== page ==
View details for DOI 10.1016/j.neuron.2017.01.008

    View details for PubMedID 28162807

  • Loss of mu opioid receptor signaling in nociceptors, but not microglia, abrogates morphine tolerance without disrupting analgesia NATURE MEDICINE Corder, G., Tawfik, V. L., Wang, D., Sypek, E. I., Low, S. A., Dickinson, J. R., Sotoudeh, C., Clark, J. D., Barres, B. A., Bohlen, C. J., Scherrer, G. 2017; 23 (2): 164-173


    Opioid pain medications have detrimental side effects including analgesic tolerance and opioid-induced hyperalgesia (OIH). Tolerance and OIH counteract opioid analgesia and drive dose escalation. The cell types and receptors on which opioids act to initiate these maladaptive processes remain disputed, which has prevented the development of therapies to maximize and sustain opioid analgesic efficacy. We found that μ opioid receptors (MORs) expressed by primary afferent nociceptors initiate tolerance and OIH development. RNA sequencing and histological analysis revealed that MORs are expressed by nociceptors, but not by spinal microglia. Deletion of MORs specifically in nociceptors eliminated morphine tolerance, OIH and pronociceptive synaptic long-term potentiation without altering antinociception. Furthermore, we found that co-administration of methylnaltrexone bromide, a peripherally restricted MOR antagonist, was sufficient to abrogate morphine tolerance and OIH without diminishing antinociception in perioperative and chronic pain models. Collectively, our data support the idea that opioid agonists can be combined with peripheral MOR antagonists to limit analgesic tolerance and OIH.

    View details for DOI 10.1038/nm.4262

    View details for PubMedID 28092666

  • In Vivo Interrogation of Spinal Mechanosensory Circuits. Cell reports Christensen, A. J., Iyer, S. M., François, A., Vyas, S., Ramakrishnan, C., Vesuna, S., Deisseroth, K., Scherrer, G., Delp, S. L. 2016; 17 (6): 1699-1710


    Spinal dorsal horn circuits receive, process, and transmit somatosensory information. To understand how specific components of these circuits contribute to behavior, it is critical to be able to directly modulate their activity in unanesthetized in vivo conditions. Here, we develop experimental tools that enable optogenetic control of spinal circuitry in freely moving mice using commonly available materials. We use these tools to examine mechanosensory processing in the spinal cord and observe that optogenetic activation of somatostatin-positive interneurons facilitates both mechanosensory and itch-related behavior, while reversible chemogenetic inhibition of these neurons suppresses mechanosensation. These results extend recent findings regarding the processing of mechanosensory information in the spinal cord and indicate the potential for activity-induced release of the somatostatin neuropeptide to affect processing of itch. The spinal implant approach we describe here is likely to enable a wide range of studies to elucidate spinal circuits underlying pain, touch, itch, and movement.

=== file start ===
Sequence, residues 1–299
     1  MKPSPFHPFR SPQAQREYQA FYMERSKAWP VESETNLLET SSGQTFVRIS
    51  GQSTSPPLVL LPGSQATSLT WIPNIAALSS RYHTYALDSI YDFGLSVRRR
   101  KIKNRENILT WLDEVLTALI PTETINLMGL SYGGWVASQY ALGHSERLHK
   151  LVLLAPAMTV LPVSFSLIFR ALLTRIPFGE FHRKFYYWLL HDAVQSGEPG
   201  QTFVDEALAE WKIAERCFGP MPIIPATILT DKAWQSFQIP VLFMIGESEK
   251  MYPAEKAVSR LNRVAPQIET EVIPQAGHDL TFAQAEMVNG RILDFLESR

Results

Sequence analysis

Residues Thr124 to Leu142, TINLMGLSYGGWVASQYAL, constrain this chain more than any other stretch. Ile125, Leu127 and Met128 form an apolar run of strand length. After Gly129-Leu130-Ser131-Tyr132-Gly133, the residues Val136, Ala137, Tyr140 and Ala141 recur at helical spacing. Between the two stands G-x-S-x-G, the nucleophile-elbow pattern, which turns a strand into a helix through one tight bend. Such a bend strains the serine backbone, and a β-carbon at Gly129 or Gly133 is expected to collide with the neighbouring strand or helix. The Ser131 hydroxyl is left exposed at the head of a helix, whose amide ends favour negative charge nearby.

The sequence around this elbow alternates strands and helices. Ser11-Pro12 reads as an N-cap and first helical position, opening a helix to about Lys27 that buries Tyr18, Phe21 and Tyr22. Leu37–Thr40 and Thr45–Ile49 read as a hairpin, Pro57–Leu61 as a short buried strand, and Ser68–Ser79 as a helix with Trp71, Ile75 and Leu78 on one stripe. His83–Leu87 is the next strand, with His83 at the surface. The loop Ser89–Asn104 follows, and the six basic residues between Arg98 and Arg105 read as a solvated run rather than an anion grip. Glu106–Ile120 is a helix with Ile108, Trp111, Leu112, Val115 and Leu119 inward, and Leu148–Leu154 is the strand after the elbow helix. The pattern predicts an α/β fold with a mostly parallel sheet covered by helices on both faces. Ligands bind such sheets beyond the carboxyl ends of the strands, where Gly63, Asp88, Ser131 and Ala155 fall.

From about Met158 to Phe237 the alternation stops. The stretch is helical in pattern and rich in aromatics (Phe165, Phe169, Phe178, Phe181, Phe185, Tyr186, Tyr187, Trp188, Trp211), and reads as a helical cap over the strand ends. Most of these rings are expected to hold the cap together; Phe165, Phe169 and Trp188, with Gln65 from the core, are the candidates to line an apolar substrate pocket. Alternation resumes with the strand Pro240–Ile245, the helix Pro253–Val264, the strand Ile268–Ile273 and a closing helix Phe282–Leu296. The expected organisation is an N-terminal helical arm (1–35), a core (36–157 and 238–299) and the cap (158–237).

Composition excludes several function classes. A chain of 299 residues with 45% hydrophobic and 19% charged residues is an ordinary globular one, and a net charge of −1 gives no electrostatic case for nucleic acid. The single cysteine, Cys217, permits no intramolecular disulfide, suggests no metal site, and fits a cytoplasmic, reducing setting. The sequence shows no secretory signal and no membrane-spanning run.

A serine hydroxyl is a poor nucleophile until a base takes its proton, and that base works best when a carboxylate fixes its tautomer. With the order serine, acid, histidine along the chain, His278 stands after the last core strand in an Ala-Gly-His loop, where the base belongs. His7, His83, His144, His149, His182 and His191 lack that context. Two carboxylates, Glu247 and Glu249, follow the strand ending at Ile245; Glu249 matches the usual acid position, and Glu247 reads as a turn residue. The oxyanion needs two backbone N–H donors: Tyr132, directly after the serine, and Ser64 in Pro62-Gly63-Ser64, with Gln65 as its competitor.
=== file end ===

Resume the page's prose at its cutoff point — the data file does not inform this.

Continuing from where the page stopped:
View details for DOI 10.1016/j.celrep.2016.10.010

    View details for PubMedID 27806306

  • Structure-based discovery of opioid analgesics with reduced side effects NATURE Manglik, A., Lin, H., Aryal, D. K., McCorvy, J. D., Dengler, D., Corder, G., Levit, A., Kling, R. C., Bernat, V., Huebner, H., Huang, X., Sassano, M. F., Giguere, P. M., Loeber, S., Duan, D., Scherrer, G., Kobilka, B. K., Gmeiner, P., Roth, B. L., Shoichet, B. K. 2016; 537 (7619): 185-?


    Morphine is an alkaloid from the opium poppy used to treat pain. The potentially lethal side effects of morphine and related opioids-which include fatal respiratory depression-are thought to be mediated by μ-opioid-receptor (μOR) signalling through the β-arrestin pathway or by actions at other receptors. Conversely, G-protein μOR signalling is thought to confer analgesia. Here we computationally dock over 3 million molecules against the μOR structure and identify new scaffolds unrelated to known opioids. Structure-based optimization yields PZM21-a potent Gi activator with exceptional selectivity for μOR and minimal β-arrestin-2 recruitment. Unlike morphine, PZM21 is more efficacious for the affective component of analgesia versus the reflexive component and is devoid of both respiratory depression and morphine-like reinforcing activity in mice at equi-analgesic doses. PZM21 thus serves as both a probe to disentangle μOR signalling and a therapeutic lead that is devoid of many of the side effects of current opioids.

    View details for DOI 10.1038/nature19112

    View details for Web of Science ID 000382539100038

  • Enhanced dendritic integration by ih reduction in the anterior cingulate cortex increases nociception. Neuron Dickinson, J. R., Scherrer, G. 2015; 86 (1): 4-6


    In this issue of Neuron, Santello and Nevian (2015) report HCN channel plasticity and increased temporal summation in layer 5 ACC neurons following nerve injury. They are able to restore HCN channel function and reduce behavioral hypersensitivity with selective serotonin receptor targeting.

    View details for DOI 10.1016/j.neuron.2015.03.045

    View details for PubMedID 25856476

  • GINIP, a G(alpha i)-Interacting Protein, Functions as a Key Modulator of Peripheral GABA(B) Receptor-Mediated Analgesia NEURON Gaillard, S., Lo Re, L., Mantilleri, A., Hepp, R., Urien, L., Malapert, P., Alonso, S., Deage, M., Kambrun, C., Landry, M., Low, S. A., Alloui, A., Lambolez, B., Scherrer, G., Le Feuvre, Y., Bourinet, E., Moqrich, A. 2014; 84 (1): 123-136